That night that we were fighting the chimera, Baz kept yelling at me until I went off.
We both woke up a few hours later in a blackened pit. The boulder we’d been hiding behind was dust, and the chimera was vapour. Or maybe it was just gone.
Baz was sure I’d singed off his eyebrows, but he looked fine to me—not a hair out of place.
I don’t let myself think about Watford over the summers.
After my first year there, when I was 11—I spent the whole summer thinking about it. Thinking about everyone I’d
I made myself sick thinking about the Watford School of Magicks—daydreaming about it—until it started to feel like nothing more than a daydream. Just another fantasy to make the time pass.
Like when I used to dream about becoming a footballer someday—or that my parents, my real parents, were going to come back for me.…
My dad would be a footballer. And my mum would be some posh model type. And they’d explain how they’d had to give me up because they were too young for a baby, and because his career was on the line. “But we always missed you, Simon,” they’d say. “We’ve been looking for you.” And then they’d take me away to live in their mansion.
Footballer mansion … Magickal boarding school …
They both seem like crap in the light of day. (Especially when you wake up in a room with seven other discards.)
That first summer, I’d beaten the memory of Watford to a bloody pulp by the time my bus fare and papers showed up in the autumn, along with a note from the Mage himself.…
Real. It was all real.
So, the next summer, after my second year at Watford, I didn’t let myself think about magic at all. For months. I just shut myself off from it. I didn’t miss it, I didn’t wish for it.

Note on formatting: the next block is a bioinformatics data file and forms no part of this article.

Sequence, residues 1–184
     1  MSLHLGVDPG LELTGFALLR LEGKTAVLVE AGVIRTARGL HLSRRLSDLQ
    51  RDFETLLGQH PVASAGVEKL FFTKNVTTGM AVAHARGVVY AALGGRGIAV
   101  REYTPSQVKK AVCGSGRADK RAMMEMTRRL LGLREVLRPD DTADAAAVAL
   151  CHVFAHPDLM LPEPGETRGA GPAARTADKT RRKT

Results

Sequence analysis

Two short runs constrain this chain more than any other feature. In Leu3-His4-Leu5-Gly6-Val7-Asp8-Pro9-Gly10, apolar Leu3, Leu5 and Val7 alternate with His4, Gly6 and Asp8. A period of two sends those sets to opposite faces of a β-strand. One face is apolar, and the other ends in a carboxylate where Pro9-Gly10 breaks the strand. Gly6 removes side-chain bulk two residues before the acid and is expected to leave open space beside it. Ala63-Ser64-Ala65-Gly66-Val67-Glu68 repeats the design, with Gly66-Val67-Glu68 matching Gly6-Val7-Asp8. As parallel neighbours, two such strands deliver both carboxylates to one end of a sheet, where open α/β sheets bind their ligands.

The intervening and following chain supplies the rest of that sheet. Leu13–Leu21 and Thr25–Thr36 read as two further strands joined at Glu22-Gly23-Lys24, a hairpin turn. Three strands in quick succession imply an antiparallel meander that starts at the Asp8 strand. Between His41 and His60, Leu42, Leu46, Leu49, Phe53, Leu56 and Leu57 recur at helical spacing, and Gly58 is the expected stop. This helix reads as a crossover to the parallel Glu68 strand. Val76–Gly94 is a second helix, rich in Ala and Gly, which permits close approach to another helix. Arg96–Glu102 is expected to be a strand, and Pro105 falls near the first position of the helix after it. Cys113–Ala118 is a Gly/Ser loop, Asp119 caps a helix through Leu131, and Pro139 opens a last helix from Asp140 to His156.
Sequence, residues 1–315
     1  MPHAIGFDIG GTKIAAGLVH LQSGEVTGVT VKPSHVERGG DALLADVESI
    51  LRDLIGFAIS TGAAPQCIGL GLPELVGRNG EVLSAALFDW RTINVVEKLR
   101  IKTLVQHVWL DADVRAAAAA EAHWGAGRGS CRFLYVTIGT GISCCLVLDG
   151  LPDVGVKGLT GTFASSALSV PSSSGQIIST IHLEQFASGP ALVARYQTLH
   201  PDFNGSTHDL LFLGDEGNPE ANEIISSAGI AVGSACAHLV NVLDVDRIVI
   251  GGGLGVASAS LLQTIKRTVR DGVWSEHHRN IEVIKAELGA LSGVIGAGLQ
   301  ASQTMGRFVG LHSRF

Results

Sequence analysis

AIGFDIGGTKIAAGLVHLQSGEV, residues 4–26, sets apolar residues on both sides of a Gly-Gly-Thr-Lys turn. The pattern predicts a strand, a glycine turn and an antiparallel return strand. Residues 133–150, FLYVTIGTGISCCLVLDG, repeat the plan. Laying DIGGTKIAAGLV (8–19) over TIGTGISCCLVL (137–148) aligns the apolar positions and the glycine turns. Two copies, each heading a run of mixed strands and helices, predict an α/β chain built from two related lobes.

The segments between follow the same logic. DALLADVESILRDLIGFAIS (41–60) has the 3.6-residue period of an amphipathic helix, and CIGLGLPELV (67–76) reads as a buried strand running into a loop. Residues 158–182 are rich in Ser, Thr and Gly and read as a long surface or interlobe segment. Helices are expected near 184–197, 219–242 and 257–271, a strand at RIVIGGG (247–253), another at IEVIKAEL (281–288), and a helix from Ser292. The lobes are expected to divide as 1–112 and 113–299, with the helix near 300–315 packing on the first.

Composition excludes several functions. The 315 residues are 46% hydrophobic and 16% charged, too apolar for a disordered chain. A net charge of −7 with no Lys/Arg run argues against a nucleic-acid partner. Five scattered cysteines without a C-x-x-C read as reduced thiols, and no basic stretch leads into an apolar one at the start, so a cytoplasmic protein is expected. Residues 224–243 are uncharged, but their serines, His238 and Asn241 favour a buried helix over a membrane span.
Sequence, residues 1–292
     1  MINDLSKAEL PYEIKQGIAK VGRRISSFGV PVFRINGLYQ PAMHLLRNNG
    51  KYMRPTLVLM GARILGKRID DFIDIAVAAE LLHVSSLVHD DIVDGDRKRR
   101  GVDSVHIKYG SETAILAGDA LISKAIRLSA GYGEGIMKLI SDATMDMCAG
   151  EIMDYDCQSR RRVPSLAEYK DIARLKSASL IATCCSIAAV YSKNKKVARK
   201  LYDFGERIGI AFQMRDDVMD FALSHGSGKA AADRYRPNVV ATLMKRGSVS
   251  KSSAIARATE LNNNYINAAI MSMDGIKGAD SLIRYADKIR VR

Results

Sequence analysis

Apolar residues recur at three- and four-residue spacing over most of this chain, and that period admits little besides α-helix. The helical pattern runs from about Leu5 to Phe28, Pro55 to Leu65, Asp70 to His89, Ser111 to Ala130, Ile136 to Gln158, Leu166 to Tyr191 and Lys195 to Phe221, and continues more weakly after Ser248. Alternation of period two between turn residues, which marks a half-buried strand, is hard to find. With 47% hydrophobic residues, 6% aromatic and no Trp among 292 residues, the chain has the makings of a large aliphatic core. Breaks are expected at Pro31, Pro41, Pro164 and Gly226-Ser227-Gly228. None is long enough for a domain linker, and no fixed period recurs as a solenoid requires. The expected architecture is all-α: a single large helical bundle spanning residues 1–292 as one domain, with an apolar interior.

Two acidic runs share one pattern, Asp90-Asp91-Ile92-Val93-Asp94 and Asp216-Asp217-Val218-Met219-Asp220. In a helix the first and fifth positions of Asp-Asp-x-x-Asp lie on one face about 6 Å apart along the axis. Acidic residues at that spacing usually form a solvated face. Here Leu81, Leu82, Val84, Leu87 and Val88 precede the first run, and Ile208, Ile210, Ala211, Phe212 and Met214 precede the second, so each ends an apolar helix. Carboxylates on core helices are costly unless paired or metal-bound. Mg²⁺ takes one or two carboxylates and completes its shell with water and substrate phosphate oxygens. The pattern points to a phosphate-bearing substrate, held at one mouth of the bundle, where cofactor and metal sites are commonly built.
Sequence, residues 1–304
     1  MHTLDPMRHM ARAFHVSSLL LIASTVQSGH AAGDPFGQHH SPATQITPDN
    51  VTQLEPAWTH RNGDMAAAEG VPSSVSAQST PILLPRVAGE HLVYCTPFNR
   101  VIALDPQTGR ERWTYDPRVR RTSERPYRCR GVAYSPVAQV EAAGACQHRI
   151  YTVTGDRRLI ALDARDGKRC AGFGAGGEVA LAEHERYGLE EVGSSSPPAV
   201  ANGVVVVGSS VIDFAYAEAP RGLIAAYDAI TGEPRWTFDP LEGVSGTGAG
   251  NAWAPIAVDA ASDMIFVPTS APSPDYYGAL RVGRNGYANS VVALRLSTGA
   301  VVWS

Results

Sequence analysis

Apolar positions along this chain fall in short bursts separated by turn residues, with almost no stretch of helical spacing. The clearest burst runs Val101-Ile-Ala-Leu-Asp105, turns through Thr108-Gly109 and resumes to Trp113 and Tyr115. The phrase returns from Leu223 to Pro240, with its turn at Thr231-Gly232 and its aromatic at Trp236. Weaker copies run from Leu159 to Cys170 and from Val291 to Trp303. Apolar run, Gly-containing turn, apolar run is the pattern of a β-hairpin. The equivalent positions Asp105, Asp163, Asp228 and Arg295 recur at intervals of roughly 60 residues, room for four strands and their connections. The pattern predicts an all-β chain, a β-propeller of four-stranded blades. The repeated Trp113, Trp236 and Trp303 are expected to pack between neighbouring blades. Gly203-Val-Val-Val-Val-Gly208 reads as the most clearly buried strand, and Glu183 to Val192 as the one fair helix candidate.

I decided to let the World of Mages come back to me like a big surprise present come September, if it was going to. (And it did come back. It always has, so far.)
The Mage used to say that maybe someday he’d let me spend summers at Watford—or maybe even spend them with him, wherever he goes all summer.
But then he decided I was better off spending part of every year with the Normals. To stay close to the language and to keep my wits about me: “Let hardship sharpen your blade, Simon.”
I thought he meant my actual blade, the Sword of Mages. Eventually I figured out that he meant me.
I’m the blade. The Mage’s sword. And I’m not sure if these summers in children’s homes make me any sharper.… But they do make me hungrier. They make me crave Watford like, I don’t know, like life itself.
Baz and his side—all the old, rich families—they don’t believe that anyone can understand magic the way that they do. They think they’re the only ones who can be trusted with it.
But no one loves magic like I do.
None of the other magicians—none of my classmates, none of their parents—know what it’s like to live without magic.
Only I know.
And I’ll do anything to make sure it’s always here for me to come home to.
* * *
I try not to think about Watford when I’m away—but it was almost impossible this summer.
After everything that happened last year, I couldn’t believe the Mage would even pay attention to something like the end of term. Who interrupts a war to send the kids home for summer holidays?